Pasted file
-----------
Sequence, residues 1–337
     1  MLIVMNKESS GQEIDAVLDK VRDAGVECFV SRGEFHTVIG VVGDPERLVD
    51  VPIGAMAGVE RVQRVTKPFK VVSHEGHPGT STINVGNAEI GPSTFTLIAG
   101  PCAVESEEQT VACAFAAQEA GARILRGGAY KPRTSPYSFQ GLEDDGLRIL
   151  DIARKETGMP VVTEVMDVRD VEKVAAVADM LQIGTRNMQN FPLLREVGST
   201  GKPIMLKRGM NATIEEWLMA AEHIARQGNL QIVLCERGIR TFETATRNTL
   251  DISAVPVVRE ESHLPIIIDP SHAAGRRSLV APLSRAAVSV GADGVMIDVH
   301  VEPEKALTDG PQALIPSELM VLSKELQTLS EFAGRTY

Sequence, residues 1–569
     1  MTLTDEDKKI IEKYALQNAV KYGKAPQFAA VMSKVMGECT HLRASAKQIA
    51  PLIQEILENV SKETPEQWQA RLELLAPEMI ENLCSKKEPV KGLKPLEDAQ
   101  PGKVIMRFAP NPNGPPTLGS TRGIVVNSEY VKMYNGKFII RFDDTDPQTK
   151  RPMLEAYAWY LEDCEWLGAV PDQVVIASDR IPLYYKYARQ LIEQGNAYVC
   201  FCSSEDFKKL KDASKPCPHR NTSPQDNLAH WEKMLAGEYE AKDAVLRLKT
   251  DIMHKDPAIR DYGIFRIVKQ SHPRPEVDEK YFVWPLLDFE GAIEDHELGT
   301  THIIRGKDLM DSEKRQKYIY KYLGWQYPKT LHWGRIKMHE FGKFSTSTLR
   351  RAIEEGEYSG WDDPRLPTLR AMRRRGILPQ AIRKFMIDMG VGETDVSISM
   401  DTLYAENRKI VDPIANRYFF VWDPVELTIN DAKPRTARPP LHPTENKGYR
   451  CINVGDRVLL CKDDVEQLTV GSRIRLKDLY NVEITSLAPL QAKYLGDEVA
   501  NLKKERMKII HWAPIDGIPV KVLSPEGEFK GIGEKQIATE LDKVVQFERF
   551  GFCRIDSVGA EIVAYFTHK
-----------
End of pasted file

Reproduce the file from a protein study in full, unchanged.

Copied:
Sequence, residues 1–337
     1  MLIVMNKESS GQEIDAVLDK VRDAGVECFV SRGEFHTVIG VVGDPERLVD
    51  VPIGAMAGVE RVQRVTKPFK VVSHEGHPGT STINVGNAEI GPSTFTLIAG
   101  PCAVESEEQT VACAFAAQEA GARILRGGAY KPRTSPYSFQ GLEDDGLRIL
   151  DIARKETGMP VVTEVMDVRD VEKVAAVADM LQIGTRNMQN FPLLREVGST
   201  GKPIMLKRGM NATIEEWLMA AEHIARQGNL QIVLCERGIR TFETATRNTL
   251  DISAVPVVRE ESHLPIIIDP SHAAGRRSLV APLSRAAVSV GADGVMIDVH
   301  VEPEKALTDG PQALIPSELM VLSKELQTLS EFAGRTY

Sequence, residues 1–569
     1  MTLTDEDKKI IEKYALQNAV KYGKAPQFAA VMSKVMGECT HLRASAKQIA
    51  PLIQEILENV SKETPEQWQA RLELLAPEMI ENLCSKKEPV KGLKPLEDAQ
   101  PGKVIMRFAP NPNGPPTLGS TRGIVVNSEY VKMYNGKFII RFDDTDPQTK
   151  RPMLEAYAWY LEDCEWLGAV PDQVVIASDR IPLYYKYARQ LIEQGNAYVC
   201  FCSSEDFKKL KDASKPCPHR NTSPQDNLAH WEKMLAGEYE AKDAVLRLKT
   251  DIMHKDPAIR DYGIFRIVKQ SHPRPEVDEK YFVWPLLDFE GAIEDHELGT
   301  THIIRGKDLM DSEKRQKYIY KYLGWQYPKT LHWGRIKMHE FGKFSTSTLR
   351  RAIEEGEYSG WDDPRLPTLR AMRRRGILPQ AIRKFMIDMG VGETDVSISM
   401  DTLYAENRKI VDPIANRYFF VWDPVELTIN DAKPRTARPP LHPTENKGYR
   451  CINVGDRVLL CKDDVEQLTV GSRIRLKDLY NVEITSLAPL QAKYLGDEVA
   501  NLKKERMKII HWAPIDGIPV KVLSPEGEFK GIGEKQIATE LDKVVQFERF
   551  GFCRIDSVGA EIVAYFTHK